Showing posts with label shopping. Show all posts
Showing posts with label shopping. Show all posts

Thursday, February 22, 2018

We Be Retired

Life is good.

Yesterday my retirement check got deposited and our health insurance and car insurance premiums got paid. Today we went to Costco and splurged on beer, potato chips, pesto sauce, potstickers, toilet paper, and Brita filters. Oh my goodness, we even bought a carpet runner for the hallway.

Am I being sarcastic? Facetious? I don't know anymore.

The Husband and I are now in the category of retired seniors on limited income, so buying groceries at Costco today felt like a luxury. Going home, I found myself justifying the purchases by figuring how much we saved by buying in bulk.  

Going through life with the responsible happy-a-go-lucky Husband makes living less scary. I truly believe him when I ask him to tell me "Everything will be all right." The Husband thinks that people ought to eat well because it helps maintain good health. Why should we deprive ourselves of good health, regardless of our income, right?

Yup. Life is good. At the moment the Husband and I are snacking on the potato chips and beer while we play on our computers. It also sounds like a winter storm may be heading our way.

Saturday, August 12, 2017

No Sale

Before I could end my transaction at the Stationary Box Store, the clerk held up a piece of paper and asked, "Do you know about the store's promotion for a special protection glass for your iPhone?"

"No," I answered.

The clerk continued his spiel. "Wait, wait," I interrupted. "We don't have an iPhone?"

"We still have a flip top disposable phone," the Husband added.

"This glass can protect your watches," said the clerk.

I help up my bare wrists. "We don't wear watches."

The clerk was quite disappointed.

We weren't.


Sunday, August 21, 2016

The Season of Plenty

The other day, the Husband and I drove around Pajaro Valley in Santa Cruz County (next door to our county) just because we felt like it. The fertile Pajaro Valley has fields full of strawberries, cages full of raspberries and blackberries, and still a few orchards full of apples.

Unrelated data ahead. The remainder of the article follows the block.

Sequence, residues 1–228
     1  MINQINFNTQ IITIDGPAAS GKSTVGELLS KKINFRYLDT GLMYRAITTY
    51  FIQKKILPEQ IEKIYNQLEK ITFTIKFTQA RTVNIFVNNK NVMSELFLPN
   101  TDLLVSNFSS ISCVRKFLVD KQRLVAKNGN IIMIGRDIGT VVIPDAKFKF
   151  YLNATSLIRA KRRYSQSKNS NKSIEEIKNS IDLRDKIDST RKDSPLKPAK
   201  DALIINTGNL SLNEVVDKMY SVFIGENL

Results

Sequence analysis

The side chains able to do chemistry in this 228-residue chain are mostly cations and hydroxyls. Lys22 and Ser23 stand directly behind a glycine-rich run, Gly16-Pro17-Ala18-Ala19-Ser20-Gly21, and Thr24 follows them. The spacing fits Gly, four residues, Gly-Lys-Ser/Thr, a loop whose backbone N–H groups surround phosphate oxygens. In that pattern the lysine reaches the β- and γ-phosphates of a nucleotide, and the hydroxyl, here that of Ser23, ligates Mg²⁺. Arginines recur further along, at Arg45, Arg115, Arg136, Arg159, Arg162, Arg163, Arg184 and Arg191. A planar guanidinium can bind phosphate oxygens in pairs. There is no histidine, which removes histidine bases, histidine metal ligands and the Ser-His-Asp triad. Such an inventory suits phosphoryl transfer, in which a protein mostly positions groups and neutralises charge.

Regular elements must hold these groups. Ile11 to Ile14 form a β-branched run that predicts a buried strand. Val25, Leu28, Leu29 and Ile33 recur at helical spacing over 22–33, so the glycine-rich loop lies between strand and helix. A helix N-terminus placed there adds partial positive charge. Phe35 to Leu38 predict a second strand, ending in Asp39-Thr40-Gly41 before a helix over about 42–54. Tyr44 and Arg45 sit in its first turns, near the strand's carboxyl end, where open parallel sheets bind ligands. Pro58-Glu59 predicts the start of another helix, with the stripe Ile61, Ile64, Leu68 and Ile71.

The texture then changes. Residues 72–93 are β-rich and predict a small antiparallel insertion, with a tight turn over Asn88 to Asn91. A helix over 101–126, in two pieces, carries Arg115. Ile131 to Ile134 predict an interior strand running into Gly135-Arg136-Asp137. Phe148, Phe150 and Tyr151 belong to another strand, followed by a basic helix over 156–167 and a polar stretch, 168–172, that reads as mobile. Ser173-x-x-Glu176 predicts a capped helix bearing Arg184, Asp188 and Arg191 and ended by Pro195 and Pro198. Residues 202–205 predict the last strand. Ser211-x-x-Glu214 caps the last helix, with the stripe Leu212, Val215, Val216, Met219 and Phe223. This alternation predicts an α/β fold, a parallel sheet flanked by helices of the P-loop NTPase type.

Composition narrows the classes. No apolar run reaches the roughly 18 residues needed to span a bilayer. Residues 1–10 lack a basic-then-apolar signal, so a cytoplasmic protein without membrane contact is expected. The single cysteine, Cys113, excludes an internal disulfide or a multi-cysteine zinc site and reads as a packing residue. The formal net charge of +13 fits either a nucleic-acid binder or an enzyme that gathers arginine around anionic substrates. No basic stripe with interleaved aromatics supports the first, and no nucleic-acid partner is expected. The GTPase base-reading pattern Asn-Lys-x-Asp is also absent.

We stopped at Gizdich Ranch, which is well-known for its apple juice and homemade apple and berry pies. You can also pick your own apples and various types of berries, if you want.  Our mission. My mission (the Husband was a captive audience) was to purchase hollyhock seeds. Unfortunately none were to be had yet. But, we did come away with four cobs of corn for a dollar and a look at a bunch of fancy buggy-looking Bugatti's that one of the guys said were each worth $2 million+.

The Bugatti guys (5 or 6 of them) caused a traffic jam at the ranch. Not because they couldn't find parking spots, from what I saw, but because the drivers and passengers stood in the path of us, drivers, trying to find parking. I almost didn't want to stop. If the Bugatti people were this arrogantly ignorant about they being in the way, what would they be like in the gift shop and restaurant. Fortunately, the drivers hung around their cars, while their passengers disappeared into the antique store.

I'm glad I sucked in my temper, otherwise I wouldn't have seen the display of Gizdich's biggest and tiniest apples. We'll stop by Gizdich again for hollyhock seeds and maybe one of their pies.

Time to link up with Seasons, a weekly meme hosted by Jeanette at Artworks from Jeshstg. Click here to check other participants and possibly link up as well.

Thursday, January 7, 2016

A Lot of Love

The Husband and I made a special trip to Monterey last week so I could spend the birthday money the Mama gave me for someting pretty to wear. I was hoping to find a new top or two in Macy's. No such luck. Nearly everything was made out of flimsy, slick-like fabric. It reminded me of polyester from the 1960s and 1970s. The few things that I did like were too expensive even at 50% off. For instance, I saw a bohemian (aka hippie) style tunic that was cute, but at the original price of $200+, no thank you. I checked out a couple of other women's apparel shops in the mall. Zilch.

About two hours later, I met the Husband at our meeting spot. We sat on a bench and enjoyed the warmth of the day for a long while before we headed back into Macy's to buy us some bed sheets. We found a package of 700 thread count sheets for half off, about $60. A great deal. The cashier made it even a better bargain by giving us an extra 10% from a newspaper advertisement. "Thank you," I said, "That's kind of you."